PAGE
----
Water heaters are a crucial part of every household. They give you warm and hot water whenever you want.. But what happens if something goes awry you need a replacement? Keep reading to learn everything you need to know about water heater replacement.
How Long do Water Heaters Last?
Traditional water heaters with tanks should last up to 8-12 years and tankless water heaters can last over 20 years. Manufacturers generally suggest a water heater replacement every 12 years for traditional heaters and every 20 years for tankless water heaters.
However, these estimations are not guaranteed. Water heaters may last a little longer than the recommended time or they might also stop working long before the average. That’s why it’s crucial for you to look for signs that your water heater needs to a replacement.
Signs Indicating that It’s Time for a Water Heater Replacement
Even the best brand of water heaters cannot guarantee lifetime usage. You will need to replace the heater at some point. Should you, however, blindly follow the recommendation of the brand? Absolutely not.
Usually, when it’s time to replace a water heater, it’s going to show a few signs. Here are a few warning signs:
- Slow/no heating
Let’s check out each of these symptoms individually.
The tanks in water heaters can develop rust. This rust can develop from the water heater itself or come from inlet pipes. Corrosion can start to spread on the steel surface and eat through the metal. Rust can appear in water flowing from faucets, as well as on the pipes, inlets, and pressure valves.
A sure sign that your water heater is on the verge of a breakdown is if it makes rumbling noises. These noises usually start if there is sedimentary buildup at the bottom of the tank. It can wear down the heater, and the device might be very close to cracking. A noisy water heater might also start leaking.
Leaks in the tank are usually the result of expansion and crack in the metal. They may also result from problems with the fittings, connections, or overflow pipes. You must not ignore leaks and fix the problem immediately. Otherwise, leakage can soak and ruin belongings or even lead to mold when the walls absorb the water.
d) Slow/No Heating
You may notice that even after switching on the heater, the water is not hot enough – or just plain cold. It’s also possible that the hot water is running out too quickly. This might result from a small tank that’s not large enough to handle the hot water needs in your house. A malfunctioning thermostat or broken heating element might also be behind this issue.
It is possible that minor problems are causing these problems. Talking to a pro will help make any small adjustments and fix your heating issues. However, if there are irreversible damages, you’ll have to replace the water heating device and install a new one.
Time Required for Water Heater Replacement
Do you want to replace your old water heater with a new one? The heater may show signs that it’s not working correctly, or it might have already broken down. Either way, there’s no time to waste. It’s best to contact a pro to replace a heater immediately.
A certified plumber will succeed in removing the old heater and installing the new one within a maximum of 3 hours. However, the time may extend if there are unforeseen complications in the removal and installation processes. Here’s a quick breakdown of the time that each step should ideally take –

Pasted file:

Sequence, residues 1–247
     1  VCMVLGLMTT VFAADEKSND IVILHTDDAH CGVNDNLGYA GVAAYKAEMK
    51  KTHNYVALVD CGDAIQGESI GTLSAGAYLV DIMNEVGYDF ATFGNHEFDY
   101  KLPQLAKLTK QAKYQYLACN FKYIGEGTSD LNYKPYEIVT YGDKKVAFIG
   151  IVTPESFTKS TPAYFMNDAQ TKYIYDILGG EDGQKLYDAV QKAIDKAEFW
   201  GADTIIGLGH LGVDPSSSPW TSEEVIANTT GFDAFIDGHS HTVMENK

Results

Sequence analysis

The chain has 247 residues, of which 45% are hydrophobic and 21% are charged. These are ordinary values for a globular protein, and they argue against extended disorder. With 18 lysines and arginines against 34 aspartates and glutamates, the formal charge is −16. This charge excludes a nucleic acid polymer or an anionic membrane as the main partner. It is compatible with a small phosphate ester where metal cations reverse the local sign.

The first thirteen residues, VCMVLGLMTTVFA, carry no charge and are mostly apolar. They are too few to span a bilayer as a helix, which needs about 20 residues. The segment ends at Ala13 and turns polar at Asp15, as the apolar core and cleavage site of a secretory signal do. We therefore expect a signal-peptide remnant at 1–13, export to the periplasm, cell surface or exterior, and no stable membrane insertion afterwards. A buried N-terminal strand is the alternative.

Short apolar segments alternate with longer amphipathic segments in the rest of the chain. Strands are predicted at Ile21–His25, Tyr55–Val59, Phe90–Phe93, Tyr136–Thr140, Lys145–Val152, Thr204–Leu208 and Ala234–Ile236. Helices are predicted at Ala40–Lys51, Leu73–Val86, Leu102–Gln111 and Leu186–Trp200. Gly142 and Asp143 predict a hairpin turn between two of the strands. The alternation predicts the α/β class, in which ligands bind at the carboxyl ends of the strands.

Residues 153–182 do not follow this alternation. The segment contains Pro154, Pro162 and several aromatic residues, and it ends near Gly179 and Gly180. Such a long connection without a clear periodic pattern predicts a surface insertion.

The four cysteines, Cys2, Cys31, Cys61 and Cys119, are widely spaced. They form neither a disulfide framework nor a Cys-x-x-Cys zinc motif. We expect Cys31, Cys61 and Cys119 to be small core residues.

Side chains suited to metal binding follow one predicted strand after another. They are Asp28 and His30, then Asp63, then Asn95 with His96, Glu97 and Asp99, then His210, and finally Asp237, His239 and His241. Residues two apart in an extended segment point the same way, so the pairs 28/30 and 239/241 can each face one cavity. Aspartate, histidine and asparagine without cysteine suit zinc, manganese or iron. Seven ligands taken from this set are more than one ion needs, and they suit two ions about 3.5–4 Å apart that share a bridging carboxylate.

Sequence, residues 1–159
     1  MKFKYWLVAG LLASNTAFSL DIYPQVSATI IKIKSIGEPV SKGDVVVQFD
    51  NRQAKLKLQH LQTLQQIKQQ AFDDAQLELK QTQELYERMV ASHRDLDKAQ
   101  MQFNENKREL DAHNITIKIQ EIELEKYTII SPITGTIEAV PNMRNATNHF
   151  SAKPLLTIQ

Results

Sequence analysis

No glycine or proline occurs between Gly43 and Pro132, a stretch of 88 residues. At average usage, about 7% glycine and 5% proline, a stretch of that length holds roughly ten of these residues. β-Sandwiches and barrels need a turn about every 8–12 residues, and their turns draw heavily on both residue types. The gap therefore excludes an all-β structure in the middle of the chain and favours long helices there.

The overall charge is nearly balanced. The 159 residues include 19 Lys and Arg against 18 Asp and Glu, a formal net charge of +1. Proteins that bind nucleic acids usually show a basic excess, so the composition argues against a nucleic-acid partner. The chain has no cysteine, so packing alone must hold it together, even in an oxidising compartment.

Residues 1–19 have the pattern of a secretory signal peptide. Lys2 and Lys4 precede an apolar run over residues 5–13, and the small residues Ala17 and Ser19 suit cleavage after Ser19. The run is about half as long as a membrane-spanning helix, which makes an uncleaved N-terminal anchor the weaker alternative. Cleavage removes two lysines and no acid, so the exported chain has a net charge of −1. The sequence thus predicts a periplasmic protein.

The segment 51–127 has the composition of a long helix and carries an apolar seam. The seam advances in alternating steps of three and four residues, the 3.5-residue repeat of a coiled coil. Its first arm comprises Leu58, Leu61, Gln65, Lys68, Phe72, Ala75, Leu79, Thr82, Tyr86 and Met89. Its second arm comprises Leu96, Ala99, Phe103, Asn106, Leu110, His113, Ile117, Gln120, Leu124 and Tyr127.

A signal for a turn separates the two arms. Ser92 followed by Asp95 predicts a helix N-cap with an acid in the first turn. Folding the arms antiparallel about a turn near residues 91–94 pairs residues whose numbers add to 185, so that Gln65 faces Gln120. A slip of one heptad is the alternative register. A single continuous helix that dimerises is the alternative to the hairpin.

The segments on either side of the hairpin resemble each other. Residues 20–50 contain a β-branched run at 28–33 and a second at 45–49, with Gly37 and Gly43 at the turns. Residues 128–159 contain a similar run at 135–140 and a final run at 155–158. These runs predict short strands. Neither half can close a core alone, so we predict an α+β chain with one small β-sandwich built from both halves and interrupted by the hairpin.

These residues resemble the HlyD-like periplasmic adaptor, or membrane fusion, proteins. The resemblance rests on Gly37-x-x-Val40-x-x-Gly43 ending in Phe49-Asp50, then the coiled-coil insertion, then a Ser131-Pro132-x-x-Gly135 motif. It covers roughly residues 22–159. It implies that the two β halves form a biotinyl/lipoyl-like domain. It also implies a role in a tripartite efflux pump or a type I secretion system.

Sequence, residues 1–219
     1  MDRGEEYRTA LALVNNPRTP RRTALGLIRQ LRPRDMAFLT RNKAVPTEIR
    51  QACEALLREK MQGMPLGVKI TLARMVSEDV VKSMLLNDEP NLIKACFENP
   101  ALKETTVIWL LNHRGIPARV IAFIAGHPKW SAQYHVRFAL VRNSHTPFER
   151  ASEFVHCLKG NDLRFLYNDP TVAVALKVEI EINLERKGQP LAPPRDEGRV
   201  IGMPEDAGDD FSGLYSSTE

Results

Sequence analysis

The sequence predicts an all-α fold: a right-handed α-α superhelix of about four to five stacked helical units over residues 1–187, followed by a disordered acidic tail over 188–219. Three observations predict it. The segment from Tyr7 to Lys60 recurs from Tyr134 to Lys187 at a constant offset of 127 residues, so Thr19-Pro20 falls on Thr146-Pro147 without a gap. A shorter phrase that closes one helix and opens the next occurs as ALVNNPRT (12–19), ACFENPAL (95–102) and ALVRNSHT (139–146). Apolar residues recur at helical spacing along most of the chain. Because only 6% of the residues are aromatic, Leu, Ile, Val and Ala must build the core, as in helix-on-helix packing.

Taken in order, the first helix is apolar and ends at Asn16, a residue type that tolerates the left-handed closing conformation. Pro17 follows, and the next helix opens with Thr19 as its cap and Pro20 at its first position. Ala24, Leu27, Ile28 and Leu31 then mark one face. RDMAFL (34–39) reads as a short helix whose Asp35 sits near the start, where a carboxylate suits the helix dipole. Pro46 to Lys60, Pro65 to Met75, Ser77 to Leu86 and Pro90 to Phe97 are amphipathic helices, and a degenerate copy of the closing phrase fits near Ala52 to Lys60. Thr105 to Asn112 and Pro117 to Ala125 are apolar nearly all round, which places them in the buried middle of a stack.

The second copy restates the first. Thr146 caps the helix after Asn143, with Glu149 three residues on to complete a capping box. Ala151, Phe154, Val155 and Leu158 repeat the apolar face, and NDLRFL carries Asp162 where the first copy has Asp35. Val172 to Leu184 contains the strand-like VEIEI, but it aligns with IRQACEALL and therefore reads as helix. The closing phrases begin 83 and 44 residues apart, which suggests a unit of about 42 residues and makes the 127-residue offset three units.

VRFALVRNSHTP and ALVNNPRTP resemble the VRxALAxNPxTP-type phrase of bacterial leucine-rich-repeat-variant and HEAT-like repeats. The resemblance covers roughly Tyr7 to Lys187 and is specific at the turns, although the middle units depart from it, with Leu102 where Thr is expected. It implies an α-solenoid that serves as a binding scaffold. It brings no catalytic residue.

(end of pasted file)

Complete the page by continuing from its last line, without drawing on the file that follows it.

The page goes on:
- Removing the old water heater – 45-60 min
- Preparing and placing the new water heater – 30 min
- Setting up the system connection – 45-60 min
Do you know your way around plumbing and electrical systems? Then you might be able to handle it yourself. However, it might take longer. When it comes to a water heater, you cannot take that risk. Instead, you can rely on a reputed and licensed plumber for the fastest water heater replacement, like our professionals at Burton.
DIY Water Heater Replacement
We recommend hiring a professional plumber with your water heater replacement. However, if you’d like to go at it alone, we have some helpful tips.
There are two steps to replacing a water heater: removing the old device and installing the new one.
a) Removal of the Old Water Heater
Safety is the primary concern while removing the water heater. For that, you must take the following steps:
- Start by turning off the power source. If it’s a gas heater, turn off the valve.
- Next, disconnect all power supply lines.
- Turn on the faucets to drain out all the hot water.
- Using a garden hose, drain the tank entirely.
- Cut the line of the pipes or unscrew the connector hoses.
- Be careful about the weight of the heater and remove it.
b) Installation of the New Water Heater
Now that you have removed the old water heater, it’s time to install the new one. For that, you’ll have to prep the machine first and place it properly.
- Start by taking the new heater out of the box.
- Maneuver it to its proper position.
- Next, connect the heater to the pipes and add the necessary connector hoses.
- Keeping the hot water faucets on, turn the water supply on.
- Let the water flow out of the faucets for a minute and turn them all off.
- Connect all wires and turn the power supply on.
- Wait for a while and let the water heat up.
How to Get Rid of an Old Water Heater
When you buy a new water heater, the company will likely help transport the old machine away if you opt for an exchange offer. A plumbing company might also help you by hauling the device out. They might charge some extra fees for it. You can also contact a recycling center that will safely dispose of the water heater for you.
It is best to get the help of professionals for a water heater replacement. They will be able to guide you about the essential maintenance of your machine. You can also learn to make simple adjustments and follow routine upkeep to maximize its life.